The Philippines’ central bank is confident the country’s financial system can withstand any strains imposed by an economic slowdown in Western markets, though it is keeping an eye on the domestic banking industry for any signs that it may be catching the chill afflicting the US and Europe.
The Bangko Sentral ng Pilipinas (BSP) announced in late August its Supervision and Examination Sector (SES) would be conducting stress tests of the country’s banks twice a year aimed at assessing any risks the institutions may be exposed to, any weaknesses in their systems and their ability to withstand pre-identified shocks. The first cycle of testing is to take place each June, using data current as of March, with the second round to be conducted in December, with September data serving as the base line.
The testing aims to determine how well local banks can handle certain levels of stress, and to assess the system’s weaknesses and its capability to deal with risks related to interest rates, foreign exchange and liquidity. The assessment will also establish the amount of capital local banks would require should the global economy continue to slow. In its first stages, the testing regime will cover universal and commercial banks, as well as the country’s larger thrift banks; later implementations will extend to also include smaller rural banks.
The BSP has made clear that such stress tests are intended as a means of monitoring banking performance and are not a move prompted by concerns over the sector’s health. In early August the BSP’s governor, Amando M Tetangco Jr, said local banks were well capitalised and had little to fear from external events, including the credit rating downgrade of the US by ratings agency Standard & Poor’s. Recent assessments showed domestic lenders’ capital adequacy ratio (CAR) was well above both the BSP’s minimum rates and those set by the Basel Accord, he said.
“Now we have conducted certain assessment or stress tests on how this is going to affect Philippine banks and the results show that the banks here are fairly resilient and will not be adversely affected by an increase in spreads for instance. There, of course, will be some effects but it is unlikely that [these are] going to be very significant,” Tetangco told reporters on August 3.
Tetangco’s optimism found support in a recent research note issued by the Bank of America Merrill Lynch, which said the Philippines’ economy would be able to ride out the effects of a weakening US recovery. However, the release noted that the BSP may have to increase base interest rates to cool consumer demand and take some heat out of inflation.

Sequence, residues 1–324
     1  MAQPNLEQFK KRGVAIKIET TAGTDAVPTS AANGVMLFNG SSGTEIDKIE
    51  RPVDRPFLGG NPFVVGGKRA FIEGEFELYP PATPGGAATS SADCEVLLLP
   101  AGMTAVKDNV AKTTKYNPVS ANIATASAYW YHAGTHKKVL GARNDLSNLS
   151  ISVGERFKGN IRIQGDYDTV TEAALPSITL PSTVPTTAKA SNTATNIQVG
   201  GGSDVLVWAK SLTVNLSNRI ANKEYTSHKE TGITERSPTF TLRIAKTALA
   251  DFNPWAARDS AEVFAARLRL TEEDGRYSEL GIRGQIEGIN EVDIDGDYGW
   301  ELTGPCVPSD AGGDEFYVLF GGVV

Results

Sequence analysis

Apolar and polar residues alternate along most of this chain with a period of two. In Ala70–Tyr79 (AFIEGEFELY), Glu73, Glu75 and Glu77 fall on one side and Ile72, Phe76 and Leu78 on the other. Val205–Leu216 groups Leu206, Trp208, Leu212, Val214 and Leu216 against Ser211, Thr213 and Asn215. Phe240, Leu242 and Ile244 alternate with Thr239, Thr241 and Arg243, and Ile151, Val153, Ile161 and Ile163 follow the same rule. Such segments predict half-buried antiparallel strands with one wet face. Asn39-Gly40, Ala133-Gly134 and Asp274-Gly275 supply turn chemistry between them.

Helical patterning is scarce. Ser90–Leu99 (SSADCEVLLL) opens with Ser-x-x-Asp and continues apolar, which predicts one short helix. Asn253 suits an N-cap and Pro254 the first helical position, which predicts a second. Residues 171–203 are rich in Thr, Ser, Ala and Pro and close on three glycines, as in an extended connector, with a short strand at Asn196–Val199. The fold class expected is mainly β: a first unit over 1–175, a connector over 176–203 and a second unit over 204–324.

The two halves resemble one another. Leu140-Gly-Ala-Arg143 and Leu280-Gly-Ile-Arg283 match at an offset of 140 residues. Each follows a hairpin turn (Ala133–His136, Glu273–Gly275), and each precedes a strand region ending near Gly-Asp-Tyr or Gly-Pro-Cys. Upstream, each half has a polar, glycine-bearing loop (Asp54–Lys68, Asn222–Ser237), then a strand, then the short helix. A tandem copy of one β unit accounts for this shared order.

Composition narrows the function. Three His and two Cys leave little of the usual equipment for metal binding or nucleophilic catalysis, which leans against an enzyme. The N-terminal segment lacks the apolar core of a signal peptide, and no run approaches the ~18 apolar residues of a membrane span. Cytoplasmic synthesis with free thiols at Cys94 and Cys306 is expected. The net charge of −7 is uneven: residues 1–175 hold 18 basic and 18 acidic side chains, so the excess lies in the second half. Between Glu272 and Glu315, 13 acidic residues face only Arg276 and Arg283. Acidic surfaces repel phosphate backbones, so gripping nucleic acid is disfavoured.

“Our previous work has shown that the Philippines is surprisingly resilient to slowdowns in US growth,” the August 26 report said. “Also, inflation is relatively high: we expect it to peak close to 6% year-on-year (y-o-y) in September or October. Thus, our call on interest rates is relatively hawkish in the regional context.”
That hawkish call included a prediction that the BSP would raise interest rates twice before the end of the year, adding 50 basis points to the current key overnight borrowing rate of 4.5%.
However, the country’s financial situation now seems to be changing, with data released by the National Statistical Coordination Board on August 31 indicating a slowing of the pace of both economic growth and inflation. GDP increased by 3.4% y-o-y in the second quarter, compared to a 4.6% rise in the first three months of the year. Inflation also slowed somewhat, with the July rate of 4.6% down from 5.2% the previous month, in line with the BSP’s forecast of between 3.9% and 4.8% for the year.
Another indication of the sector’s good health came in late August, with a report showing all but one of the top 10 domestic banks posting increases in first-half profits over the same term in 2010. Further positive news came with the BSP’s August 29 announcement that the industry had recorded a 7.1% rise in assets for the January-May period.
Until the full effects of the slowdown in the US and Europe become clear, it will be difficult to predict how they will impact the Philippines and its banking sector. However, the BSP has said it is monitoring the flow of hot money, with Tetangco stating it was essential to watch any shift in sentiment and react as necessary to ensure the country’s policy stance remains appropriate and consistent with established price and growth objectives. These goals include having the sector continue to make loans available to businesses and consumers, while avoiding lending at a rate that could put the industry at risk or fuel overheating, issues the BSP aims to keep well in check.